In addition, the three measures put forward do neither answer environmental challenge nor the diversity of European diversity. Instead CEJA calls for a ‘wider menu’ of measures to be made available, meeting both the request to increase biodiversity and mitigating climate change and the request for productivity and competitiveness. President Baecke instead listed a menu including precision farming technics, improving water and soil management and farm energy efficiency measures could help manage the needs of the future. “Any fixed percentage of ecological focus area at farm level is counterproductive and not answering the real sustainability challenge. It will in many cases lead to a plain set-aside and this is absolutely not in line with the greater demand of food”.
CEJA, the European Council of Young Farmers, welcomes the measures for young farmers included in both Pillars of the proposed CAP package, presented today by Commissioner Dacian Cioloş. CEJA gladly notes that generational renewal in agriculture is considered a priority and that the proposed package acknowledges that the EU needs to take appropriate measures to answer the special needs of young farmers across Europe.
CEJA strongly calls on the European Parliament and Council to endorse and enforce the position adopted by the Commission.
On measures for young farmers in the first pillar:
CEJA welcomes the measures for young farmers in the first pillar, since the income of young farmers during the first five years of start-up is very sensitive to price volatility.
The 25% top up on the average value of payment entitlements held by young farmers for the first five years after installation is a good starting point for discussion. CEJA calls for the top up to represent a minimum of 2%, and up to 3%, of the national envelope. That percentage would cover the increasing applications coming from young farmers in the years after the reform.
Moreover, CEJA calls for the capping level for top up payments to be increased to 50 hectares. Young farmers tend to run larger farms than the average national farm size, and the threshold for the top up should reflect this.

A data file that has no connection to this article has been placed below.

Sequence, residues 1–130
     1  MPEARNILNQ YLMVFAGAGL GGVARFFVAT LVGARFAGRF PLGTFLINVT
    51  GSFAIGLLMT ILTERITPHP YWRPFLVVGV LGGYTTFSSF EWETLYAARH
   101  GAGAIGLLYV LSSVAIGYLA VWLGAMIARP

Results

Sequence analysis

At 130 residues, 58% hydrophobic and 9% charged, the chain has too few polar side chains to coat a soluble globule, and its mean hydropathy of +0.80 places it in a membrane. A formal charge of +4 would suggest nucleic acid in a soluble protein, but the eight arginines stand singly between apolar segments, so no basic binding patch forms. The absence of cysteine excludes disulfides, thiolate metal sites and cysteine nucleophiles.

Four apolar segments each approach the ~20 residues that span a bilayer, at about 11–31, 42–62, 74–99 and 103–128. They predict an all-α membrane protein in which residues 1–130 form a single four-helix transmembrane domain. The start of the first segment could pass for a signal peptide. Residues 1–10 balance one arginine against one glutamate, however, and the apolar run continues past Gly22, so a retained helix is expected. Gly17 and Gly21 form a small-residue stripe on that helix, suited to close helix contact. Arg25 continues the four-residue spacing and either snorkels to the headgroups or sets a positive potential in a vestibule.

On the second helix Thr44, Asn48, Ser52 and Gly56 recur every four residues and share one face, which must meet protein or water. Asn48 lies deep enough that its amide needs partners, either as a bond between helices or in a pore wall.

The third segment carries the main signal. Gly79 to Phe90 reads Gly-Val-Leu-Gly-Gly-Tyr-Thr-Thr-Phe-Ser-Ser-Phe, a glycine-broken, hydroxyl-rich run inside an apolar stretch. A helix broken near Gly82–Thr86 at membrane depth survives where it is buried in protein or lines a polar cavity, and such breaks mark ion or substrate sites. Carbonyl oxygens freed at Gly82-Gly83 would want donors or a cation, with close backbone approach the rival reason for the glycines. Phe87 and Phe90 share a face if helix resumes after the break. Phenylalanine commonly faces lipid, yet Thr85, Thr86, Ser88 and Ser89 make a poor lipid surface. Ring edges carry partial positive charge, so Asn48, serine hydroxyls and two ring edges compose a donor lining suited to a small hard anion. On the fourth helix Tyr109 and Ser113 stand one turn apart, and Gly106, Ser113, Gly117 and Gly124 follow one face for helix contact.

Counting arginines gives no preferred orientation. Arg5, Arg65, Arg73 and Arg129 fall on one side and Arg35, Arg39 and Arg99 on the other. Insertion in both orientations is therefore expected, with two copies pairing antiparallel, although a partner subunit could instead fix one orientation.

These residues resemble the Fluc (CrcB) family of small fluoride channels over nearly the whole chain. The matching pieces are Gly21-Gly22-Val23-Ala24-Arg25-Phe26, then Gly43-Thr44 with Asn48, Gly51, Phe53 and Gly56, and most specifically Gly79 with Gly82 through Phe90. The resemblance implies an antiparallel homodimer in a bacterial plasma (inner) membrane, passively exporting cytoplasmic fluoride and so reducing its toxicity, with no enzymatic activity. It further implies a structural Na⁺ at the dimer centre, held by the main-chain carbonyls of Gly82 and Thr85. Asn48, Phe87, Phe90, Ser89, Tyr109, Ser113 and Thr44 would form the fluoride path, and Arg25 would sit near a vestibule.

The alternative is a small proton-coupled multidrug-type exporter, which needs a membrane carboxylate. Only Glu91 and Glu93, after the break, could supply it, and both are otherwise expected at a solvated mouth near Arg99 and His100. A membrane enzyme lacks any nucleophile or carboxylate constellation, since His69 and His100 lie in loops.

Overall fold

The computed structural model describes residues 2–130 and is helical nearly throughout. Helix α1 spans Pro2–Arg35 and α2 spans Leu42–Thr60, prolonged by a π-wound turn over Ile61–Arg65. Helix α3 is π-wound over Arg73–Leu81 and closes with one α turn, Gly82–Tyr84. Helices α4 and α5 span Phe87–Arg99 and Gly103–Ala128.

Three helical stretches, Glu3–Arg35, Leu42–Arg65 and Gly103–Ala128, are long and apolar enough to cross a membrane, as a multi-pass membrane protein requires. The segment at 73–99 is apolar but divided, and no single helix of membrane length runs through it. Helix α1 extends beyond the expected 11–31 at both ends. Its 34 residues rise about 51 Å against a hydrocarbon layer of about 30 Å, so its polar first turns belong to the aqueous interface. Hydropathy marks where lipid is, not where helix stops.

In addition, if Member States do not fully use the minimum percentage of the national budget for the top, they should be able to either increase the number of hectares as a basis for the top up, or the percentage of the top up, in order to meet the minimum percentage of the national envelope.
On measures for young farmers in the second pillar:
It is of upmost importance for the competitiveness and sustainability of European agriculture that the number of installations is increased and the farm take-over process speeded up across the EU. CEJA therefore calls for a favorable ratio of co-financing of 80% coming from the EU and 20% from the national envelope.
Joris Baecke, President CEJA commented “Today’s proposed reform provides a real opportunity to attract young people into agriculture. I strongly call on the European Parliament and the European Council to improve the measures put forward in the proposal and to endorse them. Europe needs to invest in its Young Farmers”.
European Commissioner for Agriculture and Rural Development, Dacian Cioloş today formally opened the CEJA photo exhibition "Putting a face to food, know the farmer behind the product".
Speaking at the exhibition Commissioner Cioloş stated that “Young farmers are passionate about their job and the agriculture sector and this is well demonstrated by this photo exhibition. As Commissioner for Agriculture and Rural Development, one of my priorities has been young farmers This priority is not just theoretical, but also concrete, as measures for young farmers in second pillar but also in first pillar of the CAP will be included in the legislative package.‟‟
CEJA President Joris Baecke stated that “This exhibition showcases the dynamism and motivation of European young farmers in the sector. We are proud and passionate about our profession and this is reflected in the photos. We also believe that the exhibition will draw the attention of the general public and decision-makers on the need to strongly support young entrepreneurs entering the sector, especially in the first years after installation”.
The photo exhibition is taking place in the Berlaymont Building from the 26th September to the 13th October, and will then continue its tour of the European Union throughout 2012.
The CEJA Young Farmers photo exhibition can be found here: